As you can imagine, Google sends a lot of folks to my e-mail. I appreciate hearing from people, and I do my best to respond.

Of course, the environmental wackos I hear from are great fodder for commentaries.

I received an unusual e-mail in late March that prompts this column. It was from a consumer in Southern California. It read:

I want to know who I can contact to express my appreciation for the fabulous California Navel oranges that I have been enjoying for the past two to three weeks. This 65-year old man has eaten a lot of oranges in his life, and I have NEVER eaten any orange that even comes close to the excellence of this year’s navels with a 4012 number tag on them.

Can you refer me to some industry big wig?

Many thanks,

Dan McGarigle

El Segundo, Calif.

I referred Dan to California Citrus Mutual and Sunkist.

I am not a big citrus eater. I enjoy a good Navel once in awhile. Easy peel sweet tangerines or Clementines are other favorites.

However, nothing beats a sweet Navel. I have a small Navel in my yard. It produces about a dozen large oranges each year. Some are good. Others not so tasty. I don’t blame the bad ones on the tree. It’s the “farmer.” I do not take care of the Navel tree as I should.

The lady from whom we bought the house planted the Navel many years ago under a large redwood, “hidden” from her husband. He did not want an orange tree in the yard.

We lifted the lower branches on the adjacent redwoods to give the Navel additional sunlight, and it has done well over the past decade.

However, my Navels are a far cry from the great citrus I have eaten over the winter and this spring.

My wife brings home one or two Navels a week during the winter. She is a picky produce shopper; therefore, when I see an orange on the kitchen counter, I know it has been carefully scrutinized.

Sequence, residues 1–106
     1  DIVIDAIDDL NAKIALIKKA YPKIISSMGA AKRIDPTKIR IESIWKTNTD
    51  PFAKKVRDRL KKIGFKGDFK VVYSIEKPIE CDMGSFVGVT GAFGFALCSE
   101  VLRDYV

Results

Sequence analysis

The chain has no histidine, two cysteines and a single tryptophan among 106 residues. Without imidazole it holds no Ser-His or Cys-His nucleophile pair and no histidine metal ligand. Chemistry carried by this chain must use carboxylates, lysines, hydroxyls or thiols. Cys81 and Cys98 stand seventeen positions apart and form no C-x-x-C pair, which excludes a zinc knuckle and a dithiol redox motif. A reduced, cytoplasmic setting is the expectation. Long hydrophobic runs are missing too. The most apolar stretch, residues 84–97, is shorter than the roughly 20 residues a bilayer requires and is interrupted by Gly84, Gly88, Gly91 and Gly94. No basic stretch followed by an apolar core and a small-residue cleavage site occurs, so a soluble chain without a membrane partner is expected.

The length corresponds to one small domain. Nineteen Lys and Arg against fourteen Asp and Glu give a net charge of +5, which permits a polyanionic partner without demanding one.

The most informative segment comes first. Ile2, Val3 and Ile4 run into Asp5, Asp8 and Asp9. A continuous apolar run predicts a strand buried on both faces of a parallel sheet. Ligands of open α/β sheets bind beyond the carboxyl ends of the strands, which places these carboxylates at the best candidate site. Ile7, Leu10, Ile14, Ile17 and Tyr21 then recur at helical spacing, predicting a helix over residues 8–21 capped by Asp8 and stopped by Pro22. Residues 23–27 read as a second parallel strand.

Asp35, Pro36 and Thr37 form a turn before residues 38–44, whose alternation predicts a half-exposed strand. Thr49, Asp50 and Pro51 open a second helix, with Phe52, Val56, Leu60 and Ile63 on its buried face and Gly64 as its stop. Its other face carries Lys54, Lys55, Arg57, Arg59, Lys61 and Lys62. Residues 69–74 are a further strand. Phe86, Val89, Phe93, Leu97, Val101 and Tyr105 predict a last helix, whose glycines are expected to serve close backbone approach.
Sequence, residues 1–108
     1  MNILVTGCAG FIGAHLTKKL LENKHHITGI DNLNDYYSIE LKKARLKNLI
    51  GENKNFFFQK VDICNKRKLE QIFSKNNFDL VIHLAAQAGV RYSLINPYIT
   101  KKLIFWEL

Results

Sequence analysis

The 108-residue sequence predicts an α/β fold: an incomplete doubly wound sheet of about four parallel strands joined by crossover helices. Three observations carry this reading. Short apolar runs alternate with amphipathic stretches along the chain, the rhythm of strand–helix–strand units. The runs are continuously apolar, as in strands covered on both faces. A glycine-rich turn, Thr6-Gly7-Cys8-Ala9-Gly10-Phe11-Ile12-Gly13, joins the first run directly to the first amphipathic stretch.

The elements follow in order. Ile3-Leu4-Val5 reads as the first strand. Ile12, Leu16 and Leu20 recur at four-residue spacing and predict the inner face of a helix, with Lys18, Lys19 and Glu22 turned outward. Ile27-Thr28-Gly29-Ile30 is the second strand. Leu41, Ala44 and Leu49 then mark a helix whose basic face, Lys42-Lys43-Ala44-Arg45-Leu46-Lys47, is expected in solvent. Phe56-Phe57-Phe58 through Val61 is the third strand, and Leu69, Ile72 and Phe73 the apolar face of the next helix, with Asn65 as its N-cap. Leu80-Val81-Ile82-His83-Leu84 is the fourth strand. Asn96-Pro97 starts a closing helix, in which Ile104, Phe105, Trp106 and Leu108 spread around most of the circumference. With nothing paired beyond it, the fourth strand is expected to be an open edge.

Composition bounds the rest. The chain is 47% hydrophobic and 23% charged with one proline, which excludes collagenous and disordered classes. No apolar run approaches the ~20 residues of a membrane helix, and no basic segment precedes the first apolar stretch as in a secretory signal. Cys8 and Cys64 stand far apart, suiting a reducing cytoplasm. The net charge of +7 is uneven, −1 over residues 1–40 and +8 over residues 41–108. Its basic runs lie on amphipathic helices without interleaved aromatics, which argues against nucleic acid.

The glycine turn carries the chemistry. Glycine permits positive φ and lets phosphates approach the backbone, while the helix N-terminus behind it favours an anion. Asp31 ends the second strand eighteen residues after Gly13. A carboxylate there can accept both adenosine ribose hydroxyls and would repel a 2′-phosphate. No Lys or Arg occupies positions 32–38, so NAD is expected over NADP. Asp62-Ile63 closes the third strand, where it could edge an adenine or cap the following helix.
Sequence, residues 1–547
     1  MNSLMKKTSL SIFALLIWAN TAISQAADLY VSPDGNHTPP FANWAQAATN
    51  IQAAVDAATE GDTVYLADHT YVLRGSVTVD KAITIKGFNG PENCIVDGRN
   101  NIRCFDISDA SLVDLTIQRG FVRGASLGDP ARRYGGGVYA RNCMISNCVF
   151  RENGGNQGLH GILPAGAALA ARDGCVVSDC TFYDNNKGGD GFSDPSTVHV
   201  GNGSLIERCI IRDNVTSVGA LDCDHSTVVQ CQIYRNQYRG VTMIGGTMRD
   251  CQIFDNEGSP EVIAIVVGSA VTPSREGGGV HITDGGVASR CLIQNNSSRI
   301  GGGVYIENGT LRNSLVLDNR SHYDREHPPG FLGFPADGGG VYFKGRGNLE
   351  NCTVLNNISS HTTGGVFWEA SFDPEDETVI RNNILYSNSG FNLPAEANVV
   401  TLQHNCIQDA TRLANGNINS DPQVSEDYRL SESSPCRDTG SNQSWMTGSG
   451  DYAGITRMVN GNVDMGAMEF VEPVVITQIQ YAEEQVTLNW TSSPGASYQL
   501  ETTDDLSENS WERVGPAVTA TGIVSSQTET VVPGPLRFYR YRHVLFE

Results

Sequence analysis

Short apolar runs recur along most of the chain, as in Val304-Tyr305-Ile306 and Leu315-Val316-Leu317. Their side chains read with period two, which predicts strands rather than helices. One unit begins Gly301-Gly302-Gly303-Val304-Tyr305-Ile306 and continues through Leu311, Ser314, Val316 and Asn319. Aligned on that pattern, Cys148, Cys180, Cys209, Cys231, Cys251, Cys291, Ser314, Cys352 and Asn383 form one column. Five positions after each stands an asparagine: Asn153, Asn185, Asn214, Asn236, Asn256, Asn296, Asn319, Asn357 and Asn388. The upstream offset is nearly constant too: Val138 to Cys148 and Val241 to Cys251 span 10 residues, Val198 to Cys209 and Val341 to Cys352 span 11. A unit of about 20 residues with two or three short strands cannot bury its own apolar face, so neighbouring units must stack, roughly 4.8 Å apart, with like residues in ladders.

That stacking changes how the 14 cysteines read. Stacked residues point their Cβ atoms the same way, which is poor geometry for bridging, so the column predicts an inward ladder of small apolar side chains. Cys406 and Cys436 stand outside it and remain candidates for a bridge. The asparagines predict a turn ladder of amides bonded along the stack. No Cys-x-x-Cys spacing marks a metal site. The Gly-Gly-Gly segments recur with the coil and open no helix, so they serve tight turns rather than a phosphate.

This winter the oranges disappeared quickly with a request for more.

She started buying the big, red netting bulk bags of Navels. Bulk fruit is supposed to be the lower grade, blemished or maybe undersized or oversized fruit.

There has been nothing wrong with the bagged Navels she has bought for weeks. I have yet to find a bad orange. A couple have been soft, but inside the fruit was so sweet.

I peel oranges and pull them apart to eat. When the rind is thin and a pain to peel, it’s a dead giveaway that the fruit will not be that tasty.

Not this year’s California crop. Rinds were very thick. That may be why they were sold bulk. But they peeled great and ate even better.

I have been liberal at times with my criticism of poor quality fruit palmed off on consumers. I figure it is time to fill a basket with kudos for some great California citrus.

California citrus growers, like all famers, work hard to deliver the best possible product to consumers.

With citrus, it can be tough. Mother Nature can mess up the best of growing efforts.

This season producers did an incredible job of delivering to consumers California Navel oranges worth a big attaboy.

email: hcline@farmpress.com